While some Stanford students were at home feasting on turkey and watching TV in their pajamas, students on this year’s ThanksGiving Back (TGB) trips were participating in public service opportunities around the Bay Area.
TGB is the sister of Alternative Spring Break (ASB) and features experiential learning projects throughout the week. TGB founder Rachel Kelley ‘13 said in 2012, the inaugural year of TGB, that the program began in response to the popularity of ASB.
In its first year, the program received 94 applications for about half that number of spots, and it has remained popular since then. TGB is sponsored by the Haas Center for Public Service.
TGB coordinator Ray Chen ‘16 said that compared to ASB trips, TGB trips are shorter both in class time and in trip time. While participants of ASBs have to take a 10-week, one unit class prior to their trips, TGB participants only attend three workshops. TGB trips are slightly shorter in duration, ending before Thanksgiving to allow participants to return home for the holiday.
The contents of the TGB trips are similar to ASB, but the itinerary and goals are restricted by the shorter time frame, Chen said. In contrast to ASB programs, which span the country, all three TGB trips take place within a few hours of campus.
Groups stay with Stanford alumni, community organizations and other low budget options. The fee for the program is $90, and financial aid is available.
TGB was created to reach students who did not have the ability to commit to the quarter-long directed reading course and entire spring break trip of ASB, Rachel Kelley, one of the founders, said.
“We also wanted to reach out to students who were interested in public service and service-learning, but perhaps had never before had the chance to participate,” Kelley said.
Founders of the TGB program also hoped that a service-immersion experience during fall quarter would be a great way to get students involved with public service and activism earlier in the school year, whether through new friendships built through TGB or new connections to Stanford student groups or Bay Area public service organizations.
“We hoped that this earlier introduction could make a meaningful impact on how students chose to spend the rest of their school year and beyond,” Kelley said.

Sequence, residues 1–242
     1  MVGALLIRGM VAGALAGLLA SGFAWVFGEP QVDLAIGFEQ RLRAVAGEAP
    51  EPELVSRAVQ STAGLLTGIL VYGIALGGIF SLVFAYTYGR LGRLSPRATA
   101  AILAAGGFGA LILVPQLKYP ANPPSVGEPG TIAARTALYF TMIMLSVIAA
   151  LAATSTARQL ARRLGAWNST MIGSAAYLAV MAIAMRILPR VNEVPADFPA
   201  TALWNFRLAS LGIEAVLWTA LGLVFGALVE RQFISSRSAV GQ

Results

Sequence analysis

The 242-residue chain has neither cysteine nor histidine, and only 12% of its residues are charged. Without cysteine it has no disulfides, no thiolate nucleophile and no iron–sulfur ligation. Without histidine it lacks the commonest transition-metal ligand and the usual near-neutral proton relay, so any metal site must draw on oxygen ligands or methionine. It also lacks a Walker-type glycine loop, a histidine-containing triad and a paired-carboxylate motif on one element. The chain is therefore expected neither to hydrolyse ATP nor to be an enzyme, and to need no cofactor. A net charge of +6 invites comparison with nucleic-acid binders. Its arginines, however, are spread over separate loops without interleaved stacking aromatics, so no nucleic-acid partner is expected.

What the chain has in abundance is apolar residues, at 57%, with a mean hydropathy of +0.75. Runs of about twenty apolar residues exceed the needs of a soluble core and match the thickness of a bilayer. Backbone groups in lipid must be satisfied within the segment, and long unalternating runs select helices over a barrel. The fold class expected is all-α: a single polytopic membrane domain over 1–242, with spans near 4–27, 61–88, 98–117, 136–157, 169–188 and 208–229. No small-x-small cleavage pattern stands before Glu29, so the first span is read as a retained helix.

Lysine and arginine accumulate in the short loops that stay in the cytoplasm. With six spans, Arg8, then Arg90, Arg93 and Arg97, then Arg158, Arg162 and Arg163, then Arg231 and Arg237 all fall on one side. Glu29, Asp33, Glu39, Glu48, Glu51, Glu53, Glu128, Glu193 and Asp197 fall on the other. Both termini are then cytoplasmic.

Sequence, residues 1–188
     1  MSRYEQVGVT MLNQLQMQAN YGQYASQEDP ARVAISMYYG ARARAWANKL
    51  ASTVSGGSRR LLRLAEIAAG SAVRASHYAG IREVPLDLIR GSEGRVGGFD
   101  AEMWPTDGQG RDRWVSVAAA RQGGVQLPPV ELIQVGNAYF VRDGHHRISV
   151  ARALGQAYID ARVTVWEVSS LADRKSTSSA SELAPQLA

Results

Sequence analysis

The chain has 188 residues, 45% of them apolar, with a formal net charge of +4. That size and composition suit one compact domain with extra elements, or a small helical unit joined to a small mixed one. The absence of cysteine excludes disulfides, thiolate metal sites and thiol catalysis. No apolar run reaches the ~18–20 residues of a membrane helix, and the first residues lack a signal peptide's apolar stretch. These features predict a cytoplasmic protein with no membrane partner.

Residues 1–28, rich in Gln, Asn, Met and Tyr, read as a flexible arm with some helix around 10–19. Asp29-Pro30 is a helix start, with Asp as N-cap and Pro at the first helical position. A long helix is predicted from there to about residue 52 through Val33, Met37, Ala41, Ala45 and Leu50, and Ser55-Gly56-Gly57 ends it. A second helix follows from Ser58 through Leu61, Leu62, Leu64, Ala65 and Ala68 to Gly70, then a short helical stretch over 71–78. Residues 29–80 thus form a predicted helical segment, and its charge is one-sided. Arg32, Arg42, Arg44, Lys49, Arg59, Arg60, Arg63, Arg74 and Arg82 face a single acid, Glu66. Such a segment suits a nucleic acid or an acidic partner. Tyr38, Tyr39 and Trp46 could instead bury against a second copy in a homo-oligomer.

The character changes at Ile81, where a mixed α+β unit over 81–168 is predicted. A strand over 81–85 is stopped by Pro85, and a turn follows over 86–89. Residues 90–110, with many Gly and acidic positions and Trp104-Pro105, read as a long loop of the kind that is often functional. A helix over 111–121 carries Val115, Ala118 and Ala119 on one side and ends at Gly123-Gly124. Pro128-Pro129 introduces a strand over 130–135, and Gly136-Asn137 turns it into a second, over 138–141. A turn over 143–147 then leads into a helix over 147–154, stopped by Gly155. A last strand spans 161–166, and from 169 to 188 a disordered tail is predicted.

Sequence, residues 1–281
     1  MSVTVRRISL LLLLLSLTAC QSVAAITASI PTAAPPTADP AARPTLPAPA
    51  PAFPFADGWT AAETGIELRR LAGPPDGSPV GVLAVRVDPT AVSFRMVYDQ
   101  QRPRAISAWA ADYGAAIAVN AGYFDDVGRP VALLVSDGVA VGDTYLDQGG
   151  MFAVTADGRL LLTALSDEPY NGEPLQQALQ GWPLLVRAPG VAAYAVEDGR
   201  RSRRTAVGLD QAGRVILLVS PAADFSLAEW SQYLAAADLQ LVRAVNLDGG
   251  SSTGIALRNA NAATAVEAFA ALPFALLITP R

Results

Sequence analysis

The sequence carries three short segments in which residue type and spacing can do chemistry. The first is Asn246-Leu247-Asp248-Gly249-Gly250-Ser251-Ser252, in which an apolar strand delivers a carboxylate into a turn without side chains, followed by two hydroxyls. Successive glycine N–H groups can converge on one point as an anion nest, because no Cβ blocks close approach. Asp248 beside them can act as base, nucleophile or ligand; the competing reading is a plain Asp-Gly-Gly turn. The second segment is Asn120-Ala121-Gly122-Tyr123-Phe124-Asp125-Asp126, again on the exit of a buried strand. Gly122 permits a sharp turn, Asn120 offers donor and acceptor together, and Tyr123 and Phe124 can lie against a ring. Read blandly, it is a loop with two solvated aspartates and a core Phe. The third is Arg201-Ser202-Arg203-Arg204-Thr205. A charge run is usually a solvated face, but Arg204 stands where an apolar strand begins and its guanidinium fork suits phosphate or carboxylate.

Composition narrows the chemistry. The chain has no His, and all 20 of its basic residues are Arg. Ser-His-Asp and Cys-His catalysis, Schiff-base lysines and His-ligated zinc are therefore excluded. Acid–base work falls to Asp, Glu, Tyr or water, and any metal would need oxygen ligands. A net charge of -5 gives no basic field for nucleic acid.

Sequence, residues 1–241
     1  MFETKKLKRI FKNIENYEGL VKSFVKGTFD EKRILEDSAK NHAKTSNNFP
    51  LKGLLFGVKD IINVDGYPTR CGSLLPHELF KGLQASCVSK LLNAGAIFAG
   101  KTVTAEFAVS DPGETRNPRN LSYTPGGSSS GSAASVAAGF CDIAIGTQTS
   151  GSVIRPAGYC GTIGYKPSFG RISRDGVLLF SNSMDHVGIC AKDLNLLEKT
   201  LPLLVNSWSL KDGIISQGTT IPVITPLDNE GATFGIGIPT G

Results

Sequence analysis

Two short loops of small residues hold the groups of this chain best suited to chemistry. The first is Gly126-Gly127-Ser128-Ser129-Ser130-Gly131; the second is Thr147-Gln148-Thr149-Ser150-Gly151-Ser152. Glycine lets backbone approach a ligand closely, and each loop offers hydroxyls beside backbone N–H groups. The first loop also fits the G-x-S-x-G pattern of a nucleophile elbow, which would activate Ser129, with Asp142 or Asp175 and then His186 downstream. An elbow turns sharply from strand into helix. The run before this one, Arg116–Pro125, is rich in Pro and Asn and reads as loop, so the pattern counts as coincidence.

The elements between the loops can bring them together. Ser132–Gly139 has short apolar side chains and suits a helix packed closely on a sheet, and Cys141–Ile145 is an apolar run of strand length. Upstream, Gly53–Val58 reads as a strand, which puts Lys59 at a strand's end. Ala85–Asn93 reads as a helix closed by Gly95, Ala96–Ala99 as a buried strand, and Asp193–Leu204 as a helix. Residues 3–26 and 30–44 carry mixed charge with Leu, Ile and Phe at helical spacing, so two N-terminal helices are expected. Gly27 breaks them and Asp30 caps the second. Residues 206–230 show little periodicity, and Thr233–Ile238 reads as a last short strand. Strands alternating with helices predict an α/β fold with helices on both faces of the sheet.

This year’s topics included three subjects. “Edtech: How Silicon Valley is Shaping the Future of Education” examined perceived inequalities in the American education system and challenges threatening the future of the American school system.
The group explored what Silicon Valley is doing, and what Stanford students can do to respond to some of these issues. Participants visited major edtech (education technology) companies including Udacity — a widely used online service that offers classes, especially in Computer Science.
They also made stops at schools, spoke with venture capitalists and did a project with a local middle school class on improving the classroom experience.
On what participant Diego Hernandez ’17 described as the most memorable day, the group visited the Burlingame Intermediate School and did an activity with middle schoolers on how to best use technology in the classroom.
“My group proposed a TED-style event for students to share their passions with other students…[t]his was really interesting to me because it showed me that students could become much more involved in their own education if the right kind of structure was in place,” Hernandez said.
Leaders Kai Feng ‘17 and Ngoc Bui ’17 expressed passion about public service in education.
“Education is critical to social development, and technology is changing the way we are receiving it,” Feng said.
Bui, who cited her TGB experience as the highlight of her freshman year, said, “I believe technology has the potential to finally bring about innovation in the classroom. Our teaching methods have been stagnant and inefficient for far too many years. I can see edtech serving as the catalyst for transforming learning in schools, which is extremely exciting.”
The second trip was titled, “Medicine in Science and Society.” It introduced participants to service opportunities in the Bay Area, with the goal of helping them find the intersection of medicine and service that most interests them.
“Medicine involves the very two aspects that TGB champions: service and learning. It’s a never ending progression of both, which is why this topic fit so well with the TGB mission,” said leader Maheetha Bharadwaj ’16.
The curriculum included four areas of medicine: research, clinical, palliative and integrative therapy. Students heard from experts in each of these fields, and worked with patients in service settings.
Bharadwaj said her goal for participants was “to convey to them that medicine isn’t just about prescribing drugs to patients: what makes medicine meaningful is when you put a part of yourself into your work.”
The most meaningful part of the trip for the group, Bharadwaj said, was their visit to the Pomeroy Center, where the students led an art therapy workshop together for patients with severe brain damage.
The last trip centered around “Urban Food Solutions: Strategies for Sustainable Food.” The group focused on sustainable food in the Bay Area, including volunteering at “green” soup kitchens and organic city gardens across Silicon Valley.
“As avid cooks and lovers of food, and as lifelong Silicon Valley residents, we are both especially aware of the food choices our home region offers,” wrote leaders Minna Xiao ’16 and Shubha Raghvendra ’16 in the course description. Xiao is also a writer for the Stanford Daily.
Megan Lu ’15 was glad that she could participate in TGB.
“I’m from New York, so I’m usually someone’s houseguest over Thanksgiving. Spending the first half of the week on TGB means I can do something good for the community,” Lu said.
Contact Katie Kramon at ckramon ‘at’ stanford.edu.